I deal now with the matter of trade. While in China I sought an interview with the Minister for Trade because I wanted to find out for myself the attitude of the Chinese people towards future trade with Australia. 1 was told by the Minister for Trade that China would continue to buy wheat and other articles from us if our prices were right and if we sought to buy more goods from her. When I asked him what kind of goods he had in mind, he said that there were several things that we could buy, and he mentioned particularly handicrafts. Many more articles are coming into Australia now from mainland China than was the case previously, and I hope that that fact eventually will convince the Chinese people that we are keen to have friendly relations with them and to continue trading together on a friendly, reasonable and properly thought-out basis. I am not sure that the wheat we have sold to China in the past has been a very economical exercise for us. I think that it has been heavily subsidised, but it is a good thing that we have been able to sell wheat to them and I hope that we will continue to do so.

I went through China by train especially so that I could look at agricultural conditions in the country areas. It was evident that in the south they grow rice and in the north they grow wheat. They are subject to the vagaries of the weather perhaps more so than are farmers in most countries. There are huge rivers which flood and they experience extreme droughts and serious fires. Nevertheless they can grow more rice than they consume but they do not grow sufficient wheat because of the difficulties associated wilh the weather, the flooding of rivers and so on. For that reason I think that they will continue to need wheat and I hope that they will resume trading with us in the near future.

One must congratulate the people of China on their efforts to make their country produce. It is a most laborious exercise because they have very few of the farming aids that we have to make agricultural pursuits easy, effective and economic. They work intensely hard, and for that I congratulate them. I praise the people and their Government for the development that they have undertaken in the construction of factories and in the manufacture of goods. They have done a very good job and for that reason I am not attacking the Government of China. I give credit where credit is due. 1 certainly hope that the developing attitude of warmth and friendship will continue.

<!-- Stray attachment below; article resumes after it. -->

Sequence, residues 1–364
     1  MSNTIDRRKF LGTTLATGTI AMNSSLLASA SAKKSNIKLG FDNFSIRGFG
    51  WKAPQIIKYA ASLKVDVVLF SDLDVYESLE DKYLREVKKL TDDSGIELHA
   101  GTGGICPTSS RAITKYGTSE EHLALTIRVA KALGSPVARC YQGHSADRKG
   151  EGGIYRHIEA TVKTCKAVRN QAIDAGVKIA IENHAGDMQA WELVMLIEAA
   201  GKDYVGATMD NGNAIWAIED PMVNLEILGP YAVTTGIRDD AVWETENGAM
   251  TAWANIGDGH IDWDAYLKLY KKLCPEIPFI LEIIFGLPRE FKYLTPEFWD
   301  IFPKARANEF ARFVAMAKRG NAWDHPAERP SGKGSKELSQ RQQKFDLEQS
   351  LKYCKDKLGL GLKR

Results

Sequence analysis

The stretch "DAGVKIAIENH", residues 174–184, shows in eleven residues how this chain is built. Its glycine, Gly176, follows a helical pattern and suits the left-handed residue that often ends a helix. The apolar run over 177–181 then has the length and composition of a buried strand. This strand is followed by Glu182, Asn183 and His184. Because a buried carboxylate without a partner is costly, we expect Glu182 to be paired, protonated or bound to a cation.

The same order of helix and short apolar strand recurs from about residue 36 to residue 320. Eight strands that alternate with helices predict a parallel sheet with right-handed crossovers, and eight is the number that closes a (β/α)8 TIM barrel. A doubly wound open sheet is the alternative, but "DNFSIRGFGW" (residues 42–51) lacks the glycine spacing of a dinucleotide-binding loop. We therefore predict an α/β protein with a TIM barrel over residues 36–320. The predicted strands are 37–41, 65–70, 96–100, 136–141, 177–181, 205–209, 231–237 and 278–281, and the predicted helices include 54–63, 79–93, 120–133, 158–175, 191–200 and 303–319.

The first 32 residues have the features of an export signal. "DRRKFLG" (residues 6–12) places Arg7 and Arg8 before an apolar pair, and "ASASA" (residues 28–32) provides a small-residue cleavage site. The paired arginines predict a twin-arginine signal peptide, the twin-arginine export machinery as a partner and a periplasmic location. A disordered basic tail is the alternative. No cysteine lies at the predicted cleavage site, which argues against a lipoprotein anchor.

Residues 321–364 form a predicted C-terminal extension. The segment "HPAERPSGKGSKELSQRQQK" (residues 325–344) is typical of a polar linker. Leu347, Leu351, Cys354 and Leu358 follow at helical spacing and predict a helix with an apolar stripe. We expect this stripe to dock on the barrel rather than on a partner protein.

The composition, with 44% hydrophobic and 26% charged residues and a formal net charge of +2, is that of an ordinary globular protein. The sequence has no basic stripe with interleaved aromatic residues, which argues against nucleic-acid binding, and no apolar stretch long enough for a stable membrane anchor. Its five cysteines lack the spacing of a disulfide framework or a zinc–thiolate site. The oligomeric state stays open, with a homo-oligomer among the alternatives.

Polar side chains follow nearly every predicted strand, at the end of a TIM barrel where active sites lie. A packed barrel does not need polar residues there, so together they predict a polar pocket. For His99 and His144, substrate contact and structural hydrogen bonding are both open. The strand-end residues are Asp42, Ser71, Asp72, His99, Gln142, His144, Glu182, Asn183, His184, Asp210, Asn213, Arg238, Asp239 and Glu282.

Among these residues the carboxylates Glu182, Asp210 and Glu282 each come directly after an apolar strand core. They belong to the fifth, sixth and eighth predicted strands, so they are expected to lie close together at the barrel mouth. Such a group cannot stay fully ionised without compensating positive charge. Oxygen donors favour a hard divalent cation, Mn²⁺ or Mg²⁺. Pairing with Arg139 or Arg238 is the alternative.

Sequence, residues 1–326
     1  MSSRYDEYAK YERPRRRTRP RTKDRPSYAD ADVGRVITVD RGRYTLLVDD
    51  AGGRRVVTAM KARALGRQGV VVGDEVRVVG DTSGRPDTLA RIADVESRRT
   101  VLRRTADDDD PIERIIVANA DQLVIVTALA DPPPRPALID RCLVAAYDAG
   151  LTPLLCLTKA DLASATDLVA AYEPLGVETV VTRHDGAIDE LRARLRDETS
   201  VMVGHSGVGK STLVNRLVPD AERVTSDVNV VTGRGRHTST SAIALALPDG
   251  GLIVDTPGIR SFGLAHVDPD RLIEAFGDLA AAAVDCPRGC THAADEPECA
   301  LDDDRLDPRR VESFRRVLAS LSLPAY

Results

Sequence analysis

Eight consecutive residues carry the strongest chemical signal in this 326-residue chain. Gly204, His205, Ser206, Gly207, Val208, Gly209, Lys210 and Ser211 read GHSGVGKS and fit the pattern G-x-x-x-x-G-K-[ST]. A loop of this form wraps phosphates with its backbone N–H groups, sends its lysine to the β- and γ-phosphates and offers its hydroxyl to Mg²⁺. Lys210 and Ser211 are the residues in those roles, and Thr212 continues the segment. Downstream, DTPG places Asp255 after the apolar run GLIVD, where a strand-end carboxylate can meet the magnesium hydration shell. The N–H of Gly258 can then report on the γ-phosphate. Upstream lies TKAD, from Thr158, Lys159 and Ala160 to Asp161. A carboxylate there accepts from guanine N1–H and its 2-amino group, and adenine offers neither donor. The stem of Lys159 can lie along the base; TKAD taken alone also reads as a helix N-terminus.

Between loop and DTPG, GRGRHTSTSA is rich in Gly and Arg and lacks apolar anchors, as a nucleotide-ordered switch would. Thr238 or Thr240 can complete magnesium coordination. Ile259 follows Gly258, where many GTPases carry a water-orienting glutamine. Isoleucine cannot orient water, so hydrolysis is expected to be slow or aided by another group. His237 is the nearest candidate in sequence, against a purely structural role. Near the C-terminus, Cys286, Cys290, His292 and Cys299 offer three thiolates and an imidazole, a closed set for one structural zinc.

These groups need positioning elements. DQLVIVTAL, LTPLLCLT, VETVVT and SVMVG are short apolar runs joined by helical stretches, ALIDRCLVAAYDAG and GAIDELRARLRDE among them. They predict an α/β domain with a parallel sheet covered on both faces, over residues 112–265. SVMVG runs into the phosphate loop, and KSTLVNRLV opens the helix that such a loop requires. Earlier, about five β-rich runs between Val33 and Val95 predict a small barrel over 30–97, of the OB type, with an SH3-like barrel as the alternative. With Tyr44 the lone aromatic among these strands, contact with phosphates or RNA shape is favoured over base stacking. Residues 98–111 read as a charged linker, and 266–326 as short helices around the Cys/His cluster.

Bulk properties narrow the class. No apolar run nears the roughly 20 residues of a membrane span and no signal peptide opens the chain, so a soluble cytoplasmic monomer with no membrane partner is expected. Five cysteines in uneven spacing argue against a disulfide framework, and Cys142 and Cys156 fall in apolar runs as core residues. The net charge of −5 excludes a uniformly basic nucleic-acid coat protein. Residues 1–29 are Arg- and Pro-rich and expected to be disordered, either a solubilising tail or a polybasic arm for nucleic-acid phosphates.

I was amazed to hear Senator Murphy claim that President Nixon had said that America was recognising the People's Republic of China. I understand that that is completely untrue. The President said that being friendly with China and encouraging people to go there did not involve recognition. On 16th April he said that it was premature to anticipate any change in United States policy of recognition or representation in the United Nations, and that that was very much in the future. I believe that eventually recognition will come. Like Senator Gair, I think that it should come after the entry pf mainland China into the United Nations when it has demonstrated that it intends to recognise the principles of the United Nations in maintaining peace and in settling disputes in peaceful ways.